DR Congo mine collapse death toll rises to 43

Written by on June 29, 2019

The number of artisanal miners killed by a landslide at a copper and cobalt mine owned by Swiss-based mining giant Glencore in southern Democratic Republic of the Congo (DRC) has risen to 43 and could climb further as the search for missing workers continues, local officials have said.

The accident occurred on Thursday in the Kolwezi area of Lualaba province when two galleries caved in at the KOV open-pit mine operated by the Kamoto Copper Company (KCC), a subsidiary of Glencore.

The original death toll was estimated at 36 but rose through Thursday evening and into Friday as more bodies were uncovered, the officials told Reuters news agency.

“We think that other bodies are still under the rubble,” said Joseph Yav Katshung, the director of cabinet for the governor of Lualaba, Richard Muyej.

Muyej said the landslide was caused by “clandestine artisanal diggers who have infiltrated [the mine]”.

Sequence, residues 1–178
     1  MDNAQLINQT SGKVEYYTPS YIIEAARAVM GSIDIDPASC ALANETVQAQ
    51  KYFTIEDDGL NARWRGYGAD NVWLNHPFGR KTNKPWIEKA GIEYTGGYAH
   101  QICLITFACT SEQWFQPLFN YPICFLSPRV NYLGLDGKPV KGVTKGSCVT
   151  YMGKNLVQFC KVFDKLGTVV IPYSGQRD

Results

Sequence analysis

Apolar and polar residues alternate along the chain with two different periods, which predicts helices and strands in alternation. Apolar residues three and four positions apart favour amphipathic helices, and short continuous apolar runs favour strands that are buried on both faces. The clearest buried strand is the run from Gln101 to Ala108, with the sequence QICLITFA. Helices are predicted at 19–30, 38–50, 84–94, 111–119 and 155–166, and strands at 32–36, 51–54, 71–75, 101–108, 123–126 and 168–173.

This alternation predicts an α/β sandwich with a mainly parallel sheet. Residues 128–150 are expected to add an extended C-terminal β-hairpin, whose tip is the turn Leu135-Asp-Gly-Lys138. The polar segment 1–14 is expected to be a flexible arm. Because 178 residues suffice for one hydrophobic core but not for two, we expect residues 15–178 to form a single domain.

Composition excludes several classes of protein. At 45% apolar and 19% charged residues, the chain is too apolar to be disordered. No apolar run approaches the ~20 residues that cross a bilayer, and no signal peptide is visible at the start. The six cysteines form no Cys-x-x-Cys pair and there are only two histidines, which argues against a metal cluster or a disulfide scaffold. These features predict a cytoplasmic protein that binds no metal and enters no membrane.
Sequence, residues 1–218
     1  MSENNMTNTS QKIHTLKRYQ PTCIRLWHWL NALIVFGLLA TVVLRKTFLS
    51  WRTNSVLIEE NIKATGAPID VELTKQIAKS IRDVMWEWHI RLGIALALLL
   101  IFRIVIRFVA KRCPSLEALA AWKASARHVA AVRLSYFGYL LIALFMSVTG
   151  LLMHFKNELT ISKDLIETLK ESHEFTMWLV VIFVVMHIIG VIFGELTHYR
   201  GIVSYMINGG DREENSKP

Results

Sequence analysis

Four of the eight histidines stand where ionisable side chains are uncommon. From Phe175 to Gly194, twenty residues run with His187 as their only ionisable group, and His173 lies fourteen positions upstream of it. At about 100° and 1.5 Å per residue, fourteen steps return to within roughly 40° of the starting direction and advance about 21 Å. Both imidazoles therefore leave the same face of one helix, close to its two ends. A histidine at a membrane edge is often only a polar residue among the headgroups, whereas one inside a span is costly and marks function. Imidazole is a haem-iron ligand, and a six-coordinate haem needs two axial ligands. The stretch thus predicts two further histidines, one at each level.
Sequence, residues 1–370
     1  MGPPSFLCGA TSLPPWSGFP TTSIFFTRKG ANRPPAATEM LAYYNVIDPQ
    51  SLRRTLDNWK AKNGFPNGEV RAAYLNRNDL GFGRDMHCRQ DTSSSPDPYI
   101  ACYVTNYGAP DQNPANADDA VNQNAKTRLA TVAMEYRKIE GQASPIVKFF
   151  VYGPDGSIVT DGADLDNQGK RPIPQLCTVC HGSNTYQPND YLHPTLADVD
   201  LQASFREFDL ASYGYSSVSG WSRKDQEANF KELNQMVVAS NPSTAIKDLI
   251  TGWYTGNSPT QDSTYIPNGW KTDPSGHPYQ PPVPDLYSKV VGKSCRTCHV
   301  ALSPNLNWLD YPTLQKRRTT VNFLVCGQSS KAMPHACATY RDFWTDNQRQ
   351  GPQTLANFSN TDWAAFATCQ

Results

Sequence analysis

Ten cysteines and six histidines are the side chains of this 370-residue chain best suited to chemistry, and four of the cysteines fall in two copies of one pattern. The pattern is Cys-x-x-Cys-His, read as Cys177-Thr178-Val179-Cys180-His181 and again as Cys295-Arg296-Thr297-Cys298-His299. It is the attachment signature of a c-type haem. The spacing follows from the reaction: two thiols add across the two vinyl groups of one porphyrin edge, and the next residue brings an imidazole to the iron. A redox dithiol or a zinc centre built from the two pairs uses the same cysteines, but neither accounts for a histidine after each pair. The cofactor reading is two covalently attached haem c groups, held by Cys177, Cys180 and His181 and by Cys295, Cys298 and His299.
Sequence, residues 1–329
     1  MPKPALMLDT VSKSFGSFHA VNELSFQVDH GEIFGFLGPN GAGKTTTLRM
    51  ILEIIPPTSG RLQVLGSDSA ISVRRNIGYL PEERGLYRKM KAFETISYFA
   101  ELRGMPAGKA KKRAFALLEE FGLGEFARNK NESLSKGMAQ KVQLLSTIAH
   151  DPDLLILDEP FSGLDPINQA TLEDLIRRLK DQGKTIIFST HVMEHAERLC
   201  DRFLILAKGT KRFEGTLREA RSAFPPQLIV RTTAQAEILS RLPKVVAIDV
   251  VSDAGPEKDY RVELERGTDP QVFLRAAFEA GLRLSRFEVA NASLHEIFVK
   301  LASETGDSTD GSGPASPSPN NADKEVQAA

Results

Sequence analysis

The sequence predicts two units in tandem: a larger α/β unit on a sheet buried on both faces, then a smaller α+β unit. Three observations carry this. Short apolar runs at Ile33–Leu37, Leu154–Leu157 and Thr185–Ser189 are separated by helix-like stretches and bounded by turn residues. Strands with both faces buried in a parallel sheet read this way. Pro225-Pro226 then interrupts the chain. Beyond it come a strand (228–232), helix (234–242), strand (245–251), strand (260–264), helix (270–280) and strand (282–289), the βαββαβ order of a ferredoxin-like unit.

“The old terraces gave way, causing significant amounts of material to fall,” he told Reuters. “KOV is a delicate site and presents many risks.”

Glencore said in a statement that it had confirmed 19 deaths “with possible further unconfirmed fatalities” and was assisting search-and-rescue operations by local authorities.

“The illegal artisanal miners were working two galleries in benches overlooking the extraction area. Two of these galleries caved in,” the company said.

Artisanal mining by independent workers using their own materials on the edge of commercial mine sites is a big problem across Africa.

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